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Feds ignore rules and use stimulus cash to buy Chinese solar panels
Government officials blame unfair competition from China for the collapse of solar panel manufacturer Solyndra, but such concerns didn’t stop the federal government from breaking stimulus program rules to use Chinese solar panels atop a federal building housing the offices of a senator, congressman and several agencies.
Even the contractor questioned whether Chinese-made panels could be used under the American Recovery and Reinvestment Act, the stimulus program that mandated use of U.S.-made products. His query in early 2010 was dismissed and the General Services Administration moved forward with using the Chinese panels on the Sen. Paul Simon Federal Building in Carbondale, Ill., records show.
Questions about the panels, which were assembled overseas, were raised in a four-page advisory memo sent by the inspector general to the GSA in the summer of 2011, but the findings take on added significance as government officials increasingly place blame on Chinese subsidies for troubles in the U.S. solar market.
Since last summer, Solyndra LLC and another solar company, Abound Solar, have filed for bankruptcy despite receiving generous federal loan guarantees. After both bankruptcies, government officials were quick to place blame on subsidies from China that allowed foreign solar panel manufactures to sell their products below cost, squeezing U.S. solar companies.
Meanwhile, the contractor on the Illinois building project, J.R. Conkey & Associates, initially questioned GSA officials on whether solar panels assembled in China could be used under the stimulus program, but a procurement officer told the company to proceed, according to records.
“We did what we were told to do by the federal government,” Jim Conkey, the company’s president, said Monday.
According to the inspector general’s memo, Conkey officials asked the GSA contracting official “whether non-ARRA [Recovery Act] compliant solar panels could be used” on Feb. 16, 2010, before the installation of the panels.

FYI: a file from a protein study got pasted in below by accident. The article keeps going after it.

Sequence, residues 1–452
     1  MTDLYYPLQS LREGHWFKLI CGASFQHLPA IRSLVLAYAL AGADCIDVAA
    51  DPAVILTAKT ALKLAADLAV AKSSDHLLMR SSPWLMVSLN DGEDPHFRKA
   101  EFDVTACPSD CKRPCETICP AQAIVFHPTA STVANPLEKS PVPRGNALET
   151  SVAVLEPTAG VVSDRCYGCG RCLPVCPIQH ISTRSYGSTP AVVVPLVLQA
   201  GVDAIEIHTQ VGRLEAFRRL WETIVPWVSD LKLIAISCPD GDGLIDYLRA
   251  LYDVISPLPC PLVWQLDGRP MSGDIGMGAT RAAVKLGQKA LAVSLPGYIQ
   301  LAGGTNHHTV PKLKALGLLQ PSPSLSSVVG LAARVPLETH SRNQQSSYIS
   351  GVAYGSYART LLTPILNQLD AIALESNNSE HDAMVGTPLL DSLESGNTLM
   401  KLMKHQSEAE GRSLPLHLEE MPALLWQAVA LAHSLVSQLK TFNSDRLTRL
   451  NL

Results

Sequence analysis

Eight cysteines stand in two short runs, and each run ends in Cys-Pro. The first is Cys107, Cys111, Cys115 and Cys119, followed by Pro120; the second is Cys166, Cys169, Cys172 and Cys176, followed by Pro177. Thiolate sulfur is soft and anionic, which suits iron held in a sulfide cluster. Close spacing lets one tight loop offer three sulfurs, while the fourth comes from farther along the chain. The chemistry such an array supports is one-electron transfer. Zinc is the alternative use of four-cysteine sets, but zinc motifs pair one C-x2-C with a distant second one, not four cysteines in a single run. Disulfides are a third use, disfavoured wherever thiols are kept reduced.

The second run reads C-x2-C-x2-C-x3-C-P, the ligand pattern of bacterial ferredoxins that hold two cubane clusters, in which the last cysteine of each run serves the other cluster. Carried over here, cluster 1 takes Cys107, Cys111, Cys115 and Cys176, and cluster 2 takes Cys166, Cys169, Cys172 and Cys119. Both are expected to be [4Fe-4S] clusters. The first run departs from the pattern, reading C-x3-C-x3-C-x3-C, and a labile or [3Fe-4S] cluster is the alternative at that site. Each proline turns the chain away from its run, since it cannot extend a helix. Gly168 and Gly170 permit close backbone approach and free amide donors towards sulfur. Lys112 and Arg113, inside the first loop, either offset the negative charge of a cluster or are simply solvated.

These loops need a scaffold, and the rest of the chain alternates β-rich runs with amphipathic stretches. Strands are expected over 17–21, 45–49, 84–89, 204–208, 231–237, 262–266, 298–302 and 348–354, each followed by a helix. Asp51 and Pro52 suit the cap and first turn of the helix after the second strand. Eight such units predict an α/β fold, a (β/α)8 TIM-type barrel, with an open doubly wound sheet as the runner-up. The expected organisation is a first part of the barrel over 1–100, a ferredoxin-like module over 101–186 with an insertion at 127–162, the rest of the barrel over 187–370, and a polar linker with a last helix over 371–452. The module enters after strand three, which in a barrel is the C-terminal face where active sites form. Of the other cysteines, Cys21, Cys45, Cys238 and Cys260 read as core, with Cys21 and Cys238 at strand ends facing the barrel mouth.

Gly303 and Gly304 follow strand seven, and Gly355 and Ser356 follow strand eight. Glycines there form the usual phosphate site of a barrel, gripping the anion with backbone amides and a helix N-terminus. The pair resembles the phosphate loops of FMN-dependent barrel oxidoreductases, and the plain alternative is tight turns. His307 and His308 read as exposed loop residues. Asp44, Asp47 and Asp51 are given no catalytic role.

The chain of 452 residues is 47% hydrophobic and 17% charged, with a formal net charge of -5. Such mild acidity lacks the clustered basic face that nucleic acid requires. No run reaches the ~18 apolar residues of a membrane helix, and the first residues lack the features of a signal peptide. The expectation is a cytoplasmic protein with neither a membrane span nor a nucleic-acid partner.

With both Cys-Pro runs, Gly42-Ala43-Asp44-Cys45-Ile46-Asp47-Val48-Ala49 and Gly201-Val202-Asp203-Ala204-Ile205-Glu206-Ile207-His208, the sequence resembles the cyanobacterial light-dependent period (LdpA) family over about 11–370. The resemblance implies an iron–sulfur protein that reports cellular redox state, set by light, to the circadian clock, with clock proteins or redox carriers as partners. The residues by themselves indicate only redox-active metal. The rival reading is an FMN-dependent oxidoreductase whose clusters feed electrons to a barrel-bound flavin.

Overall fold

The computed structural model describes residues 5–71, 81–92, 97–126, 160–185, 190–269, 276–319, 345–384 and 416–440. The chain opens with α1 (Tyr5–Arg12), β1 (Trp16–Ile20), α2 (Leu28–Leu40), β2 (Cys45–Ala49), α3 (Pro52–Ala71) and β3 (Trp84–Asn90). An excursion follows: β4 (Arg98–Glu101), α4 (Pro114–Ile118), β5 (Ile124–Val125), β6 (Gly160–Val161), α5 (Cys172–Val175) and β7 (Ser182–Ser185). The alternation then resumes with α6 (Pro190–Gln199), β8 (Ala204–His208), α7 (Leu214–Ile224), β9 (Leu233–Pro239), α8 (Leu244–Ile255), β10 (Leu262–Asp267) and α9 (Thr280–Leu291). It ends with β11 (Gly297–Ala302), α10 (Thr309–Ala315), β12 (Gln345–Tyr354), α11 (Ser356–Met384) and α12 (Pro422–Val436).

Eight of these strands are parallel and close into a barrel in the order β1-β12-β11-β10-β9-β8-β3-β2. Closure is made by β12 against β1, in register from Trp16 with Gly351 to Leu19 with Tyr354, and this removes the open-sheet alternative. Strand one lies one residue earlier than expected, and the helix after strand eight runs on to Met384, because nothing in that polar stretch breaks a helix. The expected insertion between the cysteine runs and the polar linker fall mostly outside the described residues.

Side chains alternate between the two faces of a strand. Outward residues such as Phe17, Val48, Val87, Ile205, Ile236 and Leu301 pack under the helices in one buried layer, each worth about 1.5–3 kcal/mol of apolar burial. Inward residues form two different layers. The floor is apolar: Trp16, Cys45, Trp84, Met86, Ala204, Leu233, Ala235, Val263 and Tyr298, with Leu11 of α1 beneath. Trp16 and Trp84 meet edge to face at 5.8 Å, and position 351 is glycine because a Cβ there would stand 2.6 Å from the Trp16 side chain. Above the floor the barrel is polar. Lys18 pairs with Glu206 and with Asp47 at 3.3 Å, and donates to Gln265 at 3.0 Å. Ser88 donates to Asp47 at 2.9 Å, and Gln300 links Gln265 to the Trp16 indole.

“The contracting officer directed Conkey to ‘proceed with the panels specified in the schedule contract since they have already been determined as satisfying all applicable contract clauses including the ARRA Buy American Act requirement,’ ” the memo stated.
The inspector general’s memo said the overall roof work was performed under a $1.8 million task order awarded to J.R. Conkey & Associates, though Mr. Conkey said a portion of the project involving stimulus funding for the panels at issue involved about $200,000.
Dan Cruz, a GSA spokesman, said an agency review found no other instances of GSA projects using solar panels made outside of the U.S.
In a written response to the inspector general last year, officials also disagreed with several aspects of the review. The Federal Acquisition Service, an arm of the GSA, said the contract to J.R. Conkey was for a “complex roof mounted electrical grid system” and that the panel in question — the SP205 — was “one component of this overall system.”
“Here, the panels themselves are not a contract item” the service’s response stated. “Rather, they are an important part of a solar system, but are integrated along with an inverter, tubes and other components into a system.”
And for purchases of such systems, the Trade Agreements Act, not the Buy America Act, applies, according to Federal Acquisition Service officials, who added that only the Bureau of Customs, now a part of the Department of Homeland Security, could make a determination of [Trade Agreements Act] compliance.
Still, the inspector general’s memo stated that the panels violated the provisions of the stimulus program, according to the memo.
“The photovoltaic panels installed were assembled in and shipped from China,” the memo stated. “Under the ARRA, the Chinese panels cannot be purchased with ARRA funds.”
© Copyright 2014 The Washington Times, LLC. Click here for reprint permission.
About the Author
Jim McElhatton is an investigative reporter for The Washington Times. He can be reached at email@example.com.
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